The photographs I made at a local botanical garden recently got me to thinking about the joys of a secret garden, a place where a person can wall off the world and enjoy a space in their own way. Most Americans are unfamiliar with formal gardens of the type prized in England, where even a small space can serve as a way to experience the great outdoors.
I think part of the attraction of such places is their sense of secrecy, experienced both inside and outside their walls. In this day of rising surveillance in the name of personal safety, the independent person finds pleasure in not only having a means to separate themselves from such public view, but also be able to obviously show their means. What is more modern to the individual than a closed door and a Do Not Disturb sign? What is more modern to society than the collective agreement to honor such?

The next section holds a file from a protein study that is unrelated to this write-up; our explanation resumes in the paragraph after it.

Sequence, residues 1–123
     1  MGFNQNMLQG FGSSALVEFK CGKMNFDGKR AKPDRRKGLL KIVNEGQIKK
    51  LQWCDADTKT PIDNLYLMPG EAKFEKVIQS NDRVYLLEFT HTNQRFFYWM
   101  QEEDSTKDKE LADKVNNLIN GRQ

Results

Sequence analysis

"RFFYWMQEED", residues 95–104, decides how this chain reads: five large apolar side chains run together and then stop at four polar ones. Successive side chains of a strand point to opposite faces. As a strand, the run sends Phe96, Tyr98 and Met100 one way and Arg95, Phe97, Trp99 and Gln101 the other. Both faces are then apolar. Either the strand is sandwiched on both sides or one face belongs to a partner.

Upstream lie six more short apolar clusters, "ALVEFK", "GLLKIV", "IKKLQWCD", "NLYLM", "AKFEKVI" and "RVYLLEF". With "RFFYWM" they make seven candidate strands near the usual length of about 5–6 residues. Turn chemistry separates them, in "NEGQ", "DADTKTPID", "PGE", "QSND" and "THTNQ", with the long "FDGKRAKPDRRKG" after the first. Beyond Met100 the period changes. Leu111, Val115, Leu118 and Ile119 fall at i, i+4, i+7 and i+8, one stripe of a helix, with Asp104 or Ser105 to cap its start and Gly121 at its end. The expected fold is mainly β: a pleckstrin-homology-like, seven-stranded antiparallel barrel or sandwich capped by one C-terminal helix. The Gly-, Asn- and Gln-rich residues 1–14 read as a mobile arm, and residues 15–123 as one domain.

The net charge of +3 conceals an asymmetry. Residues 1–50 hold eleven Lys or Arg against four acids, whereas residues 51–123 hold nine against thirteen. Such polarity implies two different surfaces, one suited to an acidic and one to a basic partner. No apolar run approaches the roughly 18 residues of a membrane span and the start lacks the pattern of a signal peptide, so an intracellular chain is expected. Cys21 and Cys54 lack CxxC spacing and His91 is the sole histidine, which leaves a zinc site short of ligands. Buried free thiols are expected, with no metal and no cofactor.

For me the classical image of this privacy in the great outdoors is the garden door, portal to a location providing unique benefits to the individual passing through. And while offering entry to those permitted, it serves as signal and deterrent to those not granted the privilege of passage.
Perhaps Americans need more private gardens as a way to recover our personal space and understanding of our need for it.